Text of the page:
What I found at my first BronyCon was a space where everyone, even the quirky or the socially awkward or those with special needs, could fit in and be welcomed. A space where people like my children and I wouldn’t feel quite so different. Upon our arrival, we were given “social communication cards” to attach to our name badges: green cards meant anyone could come talk to us, yellow cards meant we preferred to only talk to people we already knew, and red cards meant we didn’t want to talk to anyone at all. I switched from green to yellow to red and back again throughout the convention, mostly to see if all the attendees would honor my color-coding, which they did. And I thought about my middle son, and how much easier his world would be if he could have a way to nonverbally communicate to the world around him whether or not he wanted to chat.
What I found at BronyCon was a space where everyone, even the quirky or the socially awkward or those with special needs, could fit in and be welcomed.
Walking through the halls of BronyCon was an experience like none I’d had before. The scope and creativity of costuming was dizzying. And in addition to expected panel topics like makeup design and script writing and sewing, I saw panels on learning social skills and developing friendships and overcoming addiction…all through the lens of My Little Pony.
When I walked past the “recharge rooms,” also coded by color, I nearly wept. In the “green” room, people chatted animatedly about all things pony. The “yellow” room was more quiet, like a library. And in the “red” room, the lights were dimmed and soft cushions covered the floor. If you needed a quiet space to rock or hum or fidget, or just be away from other people for a bit, BronyCon had a space for you. I stood in the silence of the “red” room and thought about the minds and hands that had prepared this place, creating a safe space for people like my son.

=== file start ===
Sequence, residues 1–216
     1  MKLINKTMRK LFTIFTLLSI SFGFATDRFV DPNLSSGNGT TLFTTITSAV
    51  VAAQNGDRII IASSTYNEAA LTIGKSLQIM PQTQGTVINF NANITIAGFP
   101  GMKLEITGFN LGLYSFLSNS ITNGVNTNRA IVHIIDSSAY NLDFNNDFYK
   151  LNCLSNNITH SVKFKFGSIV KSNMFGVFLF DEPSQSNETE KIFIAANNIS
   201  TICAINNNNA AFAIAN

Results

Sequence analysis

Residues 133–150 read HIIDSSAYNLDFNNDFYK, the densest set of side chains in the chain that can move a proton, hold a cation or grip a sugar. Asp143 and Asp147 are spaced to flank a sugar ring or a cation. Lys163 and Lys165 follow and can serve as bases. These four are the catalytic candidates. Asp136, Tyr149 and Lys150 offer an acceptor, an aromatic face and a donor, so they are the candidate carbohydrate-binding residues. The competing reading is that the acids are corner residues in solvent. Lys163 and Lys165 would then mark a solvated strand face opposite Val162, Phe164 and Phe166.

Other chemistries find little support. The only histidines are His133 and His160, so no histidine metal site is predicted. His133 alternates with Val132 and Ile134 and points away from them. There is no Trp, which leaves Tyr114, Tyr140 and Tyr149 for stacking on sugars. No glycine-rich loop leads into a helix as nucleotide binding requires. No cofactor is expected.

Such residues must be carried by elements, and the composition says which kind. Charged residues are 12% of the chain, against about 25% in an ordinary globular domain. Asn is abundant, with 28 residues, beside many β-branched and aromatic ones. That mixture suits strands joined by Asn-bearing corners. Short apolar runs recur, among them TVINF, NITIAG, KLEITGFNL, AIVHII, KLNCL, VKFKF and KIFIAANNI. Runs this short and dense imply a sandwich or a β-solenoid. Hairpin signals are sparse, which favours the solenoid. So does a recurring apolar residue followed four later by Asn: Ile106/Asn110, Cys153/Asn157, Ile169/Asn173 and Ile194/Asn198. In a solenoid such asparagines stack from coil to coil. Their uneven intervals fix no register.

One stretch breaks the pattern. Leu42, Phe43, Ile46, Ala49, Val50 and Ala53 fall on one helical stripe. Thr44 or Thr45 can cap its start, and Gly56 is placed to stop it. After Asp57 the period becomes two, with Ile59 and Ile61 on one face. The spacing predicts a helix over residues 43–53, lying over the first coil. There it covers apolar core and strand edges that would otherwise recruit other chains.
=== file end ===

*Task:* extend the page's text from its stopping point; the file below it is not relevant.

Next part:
This year, after I looped sparkly ribbons around my pigtails and added an extra coat of glitter to my nails, my husband and I tied golden sashes and fixed unicorn horns and adjusted aviator goggles for our children. Too many days of costume preparations were about to pay off: we were ready for BronyCon. At the last minute, I slipped my “Watch for God” bracelet on my wrist, and we headed out the door.
Some people might say that a “Watch for God” bracelet is an incongruity at a fan convention, or maybe that I was cross-pollinating my fandoms. But as it turned out, I didn’t need a reminder to watch for God. Because I saw God everywhere.
I saw God in the e-mail from BronyCon registration when someone took the time, when I e-mailed them four days before the convention started, to tell me all the places in the convention center where my son could take a break if he needed to be absolutely people-free. They included maps and diagrams, too.
I saw God when a woman who had been waiting in line for an hour gave up her spot, unasked, so a young girl could attend a crafting workshop.
I saw God when all the able-bodied people moved as one to the stairs so someone with a mobility device could use the elevator.
I saw God when a cosplayer who was scarily good at Dance Dance Revolution moved over to share his dance pad with a five-year-old.
I saw God when cosplayers sang a karaoke song about family and inclusion, and had one of their group perform the piece in American Sign Language. And I cried.
No matter what our Myers-Briggs or Enneagram, we are all seeking a place where we feel like we can fit in, where we belong. And I’m thankful for places like BronyCon where people who often feel like outsiders can find just that, hooves and all.